Under siege following a string of losses in November, Erie County Democratic Chairman G. Steven Pigeon is battling back with an impressive show of support.
Pigeon cites 130 key individuals and a dozen political clubs pledging support for his re-election as chairman.
Though Buffalo Mayor Anthony M. Masiello is not included on the list, Pigeon says he has gathered enough support to launch a strong bid for re-election as chairman when party elections are held next fall.
His list of supporters includes top statewide figures, most area state legislators, county legislators, Common Council members and several town board members. And with a long list of town and zone chairmen, Pigeon says he is in good shape to make a bid for re-election, even without a heavyweight patron like County Executive Dennis T. Gorski to back him.
"This shows a unified party," he said. "I think it will be next to impossible to go against all these people, clubs and town organizations. I'm very confident I'll be re-elected to the chairmanship."
County Clerk David J. Swarts, Hamburg attorney James M. Shaw and Assemblyman Robin L. Schimminger earlier this month launched a grass-roots "task force" to topple Pigeon in the fall. Because Pigeon has dismissed the group's call for his resignation, it appears it will have to recruit and successfully run its own slate of anti-Pigeon committee candidates during next September's primary election.
Though nobody has specifically announced his candidacy for chairman, some sources say Swarts is nearing that point.
Pigeon's main problem is Masiello's neutral stand, along with other influential figures such as Rep. John J. LaFalce, Deputy Assembly Speaker Arthur O. Eve and Assemblyman Sam Hoyt.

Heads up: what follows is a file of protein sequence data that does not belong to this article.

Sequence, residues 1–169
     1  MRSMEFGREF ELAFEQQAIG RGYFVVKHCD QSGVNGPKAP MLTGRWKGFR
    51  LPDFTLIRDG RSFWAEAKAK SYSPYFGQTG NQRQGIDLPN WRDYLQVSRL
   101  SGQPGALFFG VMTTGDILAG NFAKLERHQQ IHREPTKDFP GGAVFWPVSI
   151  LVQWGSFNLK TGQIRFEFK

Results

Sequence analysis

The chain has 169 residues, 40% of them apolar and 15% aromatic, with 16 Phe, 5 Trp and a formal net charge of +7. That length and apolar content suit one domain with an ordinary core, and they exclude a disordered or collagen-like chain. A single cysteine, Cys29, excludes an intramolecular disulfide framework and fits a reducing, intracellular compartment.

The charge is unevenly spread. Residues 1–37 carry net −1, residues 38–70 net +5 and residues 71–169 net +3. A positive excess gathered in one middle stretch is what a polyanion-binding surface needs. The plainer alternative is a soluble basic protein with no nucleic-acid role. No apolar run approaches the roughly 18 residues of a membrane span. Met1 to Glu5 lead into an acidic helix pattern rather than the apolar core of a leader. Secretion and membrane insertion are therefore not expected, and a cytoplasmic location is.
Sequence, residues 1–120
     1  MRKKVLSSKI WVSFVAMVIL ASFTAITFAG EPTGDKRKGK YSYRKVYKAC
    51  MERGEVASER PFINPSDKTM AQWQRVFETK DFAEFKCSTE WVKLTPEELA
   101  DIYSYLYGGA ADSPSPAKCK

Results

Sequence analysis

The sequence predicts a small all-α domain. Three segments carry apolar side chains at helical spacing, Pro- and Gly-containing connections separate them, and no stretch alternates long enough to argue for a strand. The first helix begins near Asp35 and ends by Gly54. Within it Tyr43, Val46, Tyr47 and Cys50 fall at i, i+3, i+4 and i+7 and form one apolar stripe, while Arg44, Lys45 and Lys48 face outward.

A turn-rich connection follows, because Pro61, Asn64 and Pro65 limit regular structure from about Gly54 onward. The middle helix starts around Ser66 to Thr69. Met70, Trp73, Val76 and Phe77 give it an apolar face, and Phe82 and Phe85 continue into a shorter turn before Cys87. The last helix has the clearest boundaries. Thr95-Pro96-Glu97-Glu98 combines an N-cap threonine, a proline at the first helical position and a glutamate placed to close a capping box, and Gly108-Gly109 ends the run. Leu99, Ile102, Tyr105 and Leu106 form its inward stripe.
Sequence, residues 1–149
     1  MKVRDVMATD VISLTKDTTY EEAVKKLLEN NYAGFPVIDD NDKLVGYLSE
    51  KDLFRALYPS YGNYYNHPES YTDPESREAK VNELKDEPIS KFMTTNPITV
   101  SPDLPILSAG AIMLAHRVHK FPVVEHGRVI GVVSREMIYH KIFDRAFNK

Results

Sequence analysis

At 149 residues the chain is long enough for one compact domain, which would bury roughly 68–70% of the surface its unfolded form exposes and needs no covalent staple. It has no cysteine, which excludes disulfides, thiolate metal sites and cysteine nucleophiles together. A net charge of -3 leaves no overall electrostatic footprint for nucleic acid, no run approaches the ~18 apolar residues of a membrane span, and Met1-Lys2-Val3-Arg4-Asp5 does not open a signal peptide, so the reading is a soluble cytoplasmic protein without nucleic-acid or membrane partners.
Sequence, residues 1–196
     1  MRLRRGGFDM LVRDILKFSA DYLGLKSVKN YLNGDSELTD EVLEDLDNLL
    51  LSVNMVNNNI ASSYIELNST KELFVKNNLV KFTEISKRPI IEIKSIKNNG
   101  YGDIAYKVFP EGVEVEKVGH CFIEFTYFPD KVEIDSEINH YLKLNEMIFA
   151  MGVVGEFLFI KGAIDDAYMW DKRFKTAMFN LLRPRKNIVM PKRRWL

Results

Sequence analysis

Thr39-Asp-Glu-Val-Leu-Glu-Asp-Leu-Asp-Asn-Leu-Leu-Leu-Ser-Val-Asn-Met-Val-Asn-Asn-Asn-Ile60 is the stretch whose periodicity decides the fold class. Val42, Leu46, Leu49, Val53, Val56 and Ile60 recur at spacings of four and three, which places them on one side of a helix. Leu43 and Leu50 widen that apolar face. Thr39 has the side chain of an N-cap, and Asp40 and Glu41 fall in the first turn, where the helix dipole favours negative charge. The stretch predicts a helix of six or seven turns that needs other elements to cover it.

But the chairman points out that his supporters are respected members of the party who are likely to withstand intraparty challenges and who bring votes on his behalf.
"This list represents the heart and soul of the Democratic Party," he said. "These people are more than satisfied with the leadership I've provided."
He acknowledges Masiello, now the party's top figure in Erie County, has not yet signed on to his effort. But he points to a number of clubs and organizations close to the mayor that are supportive, and claims they have Masiello's tacit approval to sign on .
Sources close to the chairman say while he has lost his main source of patronage after Gorski's defeate, he wields influence in other areas such as the County Legislature, Erie County Medical Center, Erie Community College and the Board of Elections.
They say Pigeon can offer jobs or connections there, while the insurgents can offer nothing.
Other sources report Pigeon attempted to engineer another appointment for himself to ECMC's board of managers in recent days but was thwarted. His term expires Dec. 31.
Others take issue with his claims of support. Kevin J. Keane, a task force member who is president of the South Side Democratic Club, said Pigeon's claim of backing from the influential South Buffalo group is "inaccurate."
"In fact, there are several board members who have expressed the desire for change," he said.